Restaurant Instagram Marketing: Creating a Strategy for Your Restaurant

Restaurant Instagram Marketing: Creating a Strategy for Your Restaurant

By Denise Langenegger

In a social media-heavy world, the visual appeal of a restaurant has become more important than ever. Instagram is now reshaping the way diners consume their food, and in return restaurants have changed to accommodate the need for “Instagrammable” experiences. Creating an Instagram marketing strategy for your restaurant is just a part of getting your business up and running.

2 side by side Instagram stories of a smoothie bowl and macarons

Instagram is influencing menu offerings, restaurant design, and marketing strategies. Manhattan restaurant Black Tap, for example, rose to viral fame online for their colorful milkshakes. Now, the restaurant has lines extending around the block with patrons waiting to taste—and take photos of—their food. That, combined with their strong online presence has contributed greatly to their success. “With social media, we're able to reach people around the globe—it's so important. It's also important that what you put on social media is the same product you get [in person]. I think we've done a good job with that,” says Black Tap owner Barish in an article on CNN.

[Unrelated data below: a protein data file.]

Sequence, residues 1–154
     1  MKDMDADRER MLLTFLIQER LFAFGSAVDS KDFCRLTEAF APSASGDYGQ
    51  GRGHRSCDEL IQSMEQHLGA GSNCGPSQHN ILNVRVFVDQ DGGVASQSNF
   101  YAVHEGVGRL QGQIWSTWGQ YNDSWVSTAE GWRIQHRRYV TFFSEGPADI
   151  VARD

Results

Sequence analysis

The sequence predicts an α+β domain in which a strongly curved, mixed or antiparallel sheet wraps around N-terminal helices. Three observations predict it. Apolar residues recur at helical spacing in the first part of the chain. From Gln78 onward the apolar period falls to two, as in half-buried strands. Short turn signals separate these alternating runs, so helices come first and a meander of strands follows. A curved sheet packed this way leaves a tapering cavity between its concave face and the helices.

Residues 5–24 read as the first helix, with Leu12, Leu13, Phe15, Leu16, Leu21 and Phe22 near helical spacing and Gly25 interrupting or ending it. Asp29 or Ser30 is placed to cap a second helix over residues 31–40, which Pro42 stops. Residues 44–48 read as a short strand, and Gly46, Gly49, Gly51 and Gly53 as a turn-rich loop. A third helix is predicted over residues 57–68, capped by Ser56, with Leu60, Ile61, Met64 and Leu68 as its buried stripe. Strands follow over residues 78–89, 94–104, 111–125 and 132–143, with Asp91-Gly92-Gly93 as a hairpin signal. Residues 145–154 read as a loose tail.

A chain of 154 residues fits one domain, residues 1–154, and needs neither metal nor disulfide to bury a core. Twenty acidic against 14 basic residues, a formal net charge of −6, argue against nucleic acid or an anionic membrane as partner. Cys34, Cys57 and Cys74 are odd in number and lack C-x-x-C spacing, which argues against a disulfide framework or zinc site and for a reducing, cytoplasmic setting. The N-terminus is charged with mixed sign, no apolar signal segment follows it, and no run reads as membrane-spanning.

Instagram feed of #blacktapshakes

No wonder Instagram has the impact it does. With more than 1 billion monthly active users and 80% of all accounts following a business profile, Instagram offers restaurants increased reach and engagement, with the potential for increased restaurant foot traffic.